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MGM Settles Multiple Lawsuits with Victims of Las Vegas Mass Shooting

A settlement agreement between MGM Resorts International and the surviving victims or family members of the deadliest mass shooting in U.S. history will have the resort company paying out $800 million.

Compensation-134182432-001On October 1, 2017, shooter Stephen Paddock wounded 422 people and killed 58 others. All of the victims were attending the Route 91 Harvest music festival, which was held on the Las Vegas Strip. Paddock opened fire from a room of the MGM-owned Mandalay Bay Hotel.

In the shooting’s aftermath, lawsuits were filed in 10 or more states by survivors or family members. Each one sought compensation from MGM for the psychological and physical injuries they or their loved ones suffered as a result of Paddock’s actions.

MGM admits no guilt or liability in the settlement agreement. Now, the proceedings turn to determining how much compensation each claimant may receive.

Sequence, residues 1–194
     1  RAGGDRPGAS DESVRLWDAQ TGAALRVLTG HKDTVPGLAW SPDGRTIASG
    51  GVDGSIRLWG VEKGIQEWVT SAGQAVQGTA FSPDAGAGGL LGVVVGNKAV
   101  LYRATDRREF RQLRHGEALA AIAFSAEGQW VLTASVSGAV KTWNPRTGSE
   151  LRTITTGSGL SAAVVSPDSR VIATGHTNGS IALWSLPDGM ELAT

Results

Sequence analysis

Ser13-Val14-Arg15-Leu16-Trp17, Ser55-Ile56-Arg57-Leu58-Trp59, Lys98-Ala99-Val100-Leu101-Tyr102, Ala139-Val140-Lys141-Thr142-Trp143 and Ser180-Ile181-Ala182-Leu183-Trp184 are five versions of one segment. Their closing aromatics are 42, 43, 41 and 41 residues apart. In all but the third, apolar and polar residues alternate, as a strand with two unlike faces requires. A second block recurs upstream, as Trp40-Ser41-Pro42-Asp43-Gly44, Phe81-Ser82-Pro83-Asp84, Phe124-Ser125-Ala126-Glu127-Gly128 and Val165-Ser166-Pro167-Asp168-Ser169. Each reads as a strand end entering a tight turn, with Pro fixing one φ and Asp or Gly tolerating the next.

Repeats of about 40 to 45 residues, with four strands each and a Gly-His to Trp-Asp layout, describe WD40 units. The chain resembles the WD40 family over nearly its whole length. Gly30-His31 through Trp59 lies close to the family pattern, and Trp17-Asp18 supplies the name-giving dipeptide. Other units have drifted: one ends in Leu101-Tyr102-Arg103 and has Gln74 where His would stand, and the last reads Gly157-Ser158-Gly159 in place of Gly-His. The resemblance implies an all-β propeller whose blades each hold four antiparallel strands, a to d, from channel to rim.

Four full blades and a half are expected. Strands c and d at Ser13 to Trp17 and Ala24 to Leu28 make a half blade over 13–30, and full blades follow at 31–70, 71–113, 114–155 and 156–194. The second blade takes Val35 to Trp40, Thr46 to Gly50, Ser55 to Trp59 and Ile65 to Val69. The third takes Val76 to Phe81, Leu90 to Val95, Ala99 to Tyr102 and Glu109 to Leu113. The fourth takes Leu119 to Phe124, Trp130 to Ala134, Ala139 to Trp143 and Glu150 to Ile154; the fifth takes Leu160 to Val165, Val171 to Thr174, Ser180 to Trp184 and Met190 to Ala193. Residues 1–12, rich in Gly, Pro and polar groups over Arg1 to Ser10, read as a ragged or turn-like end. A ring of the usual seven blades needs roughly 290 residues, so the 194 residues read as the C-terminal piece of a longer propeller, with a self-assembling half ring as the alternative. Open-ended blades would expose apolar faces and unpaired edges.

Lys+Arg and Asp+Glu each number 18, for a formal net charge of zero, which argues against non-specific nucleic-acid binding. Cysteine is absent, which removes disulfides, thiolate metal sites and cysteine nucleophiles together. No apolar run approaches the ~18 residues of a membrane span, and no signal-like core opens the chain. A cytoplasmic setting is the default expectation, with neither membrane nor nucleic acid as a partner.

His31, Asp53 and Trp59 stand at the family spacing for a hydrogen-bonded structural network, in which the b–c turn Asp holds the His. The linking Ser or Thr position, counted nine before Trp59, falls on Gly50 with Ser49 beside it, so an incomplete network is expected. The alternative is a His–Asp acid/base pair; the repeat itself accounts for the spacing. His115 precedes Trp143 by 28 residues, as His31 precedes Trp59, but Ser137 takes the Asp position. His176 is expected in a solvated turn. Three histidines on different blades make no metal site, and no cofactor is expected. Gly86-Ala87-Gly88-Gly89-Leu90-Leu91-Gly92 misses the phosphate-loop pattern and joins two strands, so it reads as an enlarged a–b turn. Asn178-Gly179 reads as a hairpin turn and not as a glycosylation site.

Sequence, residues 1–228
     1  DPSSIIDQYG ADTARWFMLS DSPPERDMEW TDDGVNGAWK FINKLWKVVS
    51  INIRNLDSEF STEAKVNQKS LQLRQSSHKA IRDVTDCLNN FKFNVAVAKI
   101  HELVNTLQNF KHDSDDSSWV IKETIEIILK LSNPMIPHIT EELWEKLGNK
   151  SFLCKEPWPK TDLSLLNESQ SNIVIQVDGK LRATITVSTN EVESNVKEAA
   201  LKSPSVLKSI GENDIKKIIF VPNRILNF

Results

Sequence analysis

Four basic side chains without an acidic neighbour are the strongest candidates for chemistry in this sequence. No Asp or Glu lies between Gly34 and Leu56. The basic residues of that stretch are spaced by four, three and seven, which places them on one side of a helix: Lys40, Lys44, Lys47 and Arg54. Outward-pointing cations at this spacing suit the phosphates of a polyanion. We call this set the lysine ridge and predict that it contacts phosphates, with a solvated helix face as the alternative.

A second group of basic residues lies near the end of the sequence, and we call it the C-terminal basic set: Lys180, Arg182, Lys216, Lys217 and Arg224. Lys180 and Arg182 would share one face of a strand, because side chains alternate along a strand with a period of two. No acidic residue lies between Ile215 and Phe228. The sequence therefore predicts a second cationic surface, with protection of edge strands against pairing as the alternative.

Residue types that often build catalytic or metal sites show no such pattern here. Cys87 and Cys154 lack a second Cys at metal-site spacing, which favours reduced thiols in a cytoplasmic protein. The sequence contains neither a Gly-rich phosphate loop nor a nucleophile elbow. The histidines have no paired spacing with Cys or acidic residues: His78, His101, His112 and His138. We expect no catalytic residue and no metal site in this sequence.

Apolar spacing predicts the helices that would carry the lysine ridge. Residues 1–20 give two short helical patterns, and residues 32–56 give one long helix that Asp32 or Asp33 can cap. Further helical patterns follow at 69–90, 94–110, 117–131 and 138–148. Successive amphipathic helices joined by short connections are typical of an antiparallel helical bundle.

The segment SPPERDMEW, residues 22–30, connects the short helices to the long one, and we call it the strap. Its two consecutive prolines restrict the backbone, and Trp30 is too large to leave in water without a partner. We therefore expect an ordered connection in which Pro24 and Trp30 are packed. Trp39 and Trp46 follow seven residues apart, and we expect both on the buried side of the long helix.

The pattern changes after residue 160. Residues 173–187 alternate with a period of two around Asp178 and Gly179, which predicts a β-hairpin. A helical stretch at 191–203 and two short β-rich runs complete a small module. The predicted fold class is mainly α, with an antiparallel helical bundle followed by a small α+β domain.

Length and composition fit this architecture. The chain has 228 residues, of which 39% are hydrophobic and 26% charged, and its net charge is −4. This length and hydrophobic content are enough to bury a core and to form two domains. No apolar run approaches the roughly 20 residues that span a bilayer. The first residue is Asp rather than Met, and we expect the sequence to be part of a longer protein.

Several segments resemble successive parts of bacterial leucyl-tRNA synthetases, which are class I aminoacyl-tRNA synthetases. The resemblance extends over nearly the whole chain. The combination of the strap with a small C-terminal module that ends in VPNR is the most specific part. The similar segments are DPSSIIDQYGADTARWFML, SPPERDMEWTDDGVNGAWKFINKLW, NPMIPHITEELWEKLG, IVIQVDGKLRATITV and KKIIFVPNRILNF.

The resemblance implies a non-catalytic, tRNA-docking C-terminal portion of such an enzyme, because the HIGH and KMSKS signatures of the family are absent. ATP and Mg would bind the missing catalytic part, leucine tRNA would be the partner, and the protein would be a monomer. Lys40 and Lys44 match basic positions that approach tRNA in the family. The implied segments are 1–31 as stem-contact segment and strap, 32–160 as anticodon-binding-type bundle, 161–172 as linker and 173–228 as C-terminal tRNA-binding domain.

Few hard-and-fast rules exist to govern how the $800 million will be distributed. Administrators will arrive at a value by calculating how much each life was worth or by weighing the extent of the injuries that were suffered. Factors that may be considered include the victims’ income level, emotional distress and their pain and suffering.

The lawsuits accused the resort casino of a failure to protect the more than 22,000 people that had gathered at the property’s concert venue. Plaintiffs are relieved that the early settlement will preclude the need for a drawn-out battle in the courts.

Payment administrators are expected to look at hospital records, ongoing medical bills and the prognosis for each claimant before determining how much each individual’s compensation will be.

Victims of the attack who may receive a portion of the settlement include those who were shot as well as others who were trampled in the race to get away from the assailant. Still others bear invisible emotional scars such as post-traumatic stress disorder.

Attorneys involved in the case say that they expect the process of determining compensation and making payments to be concluded early in 2020.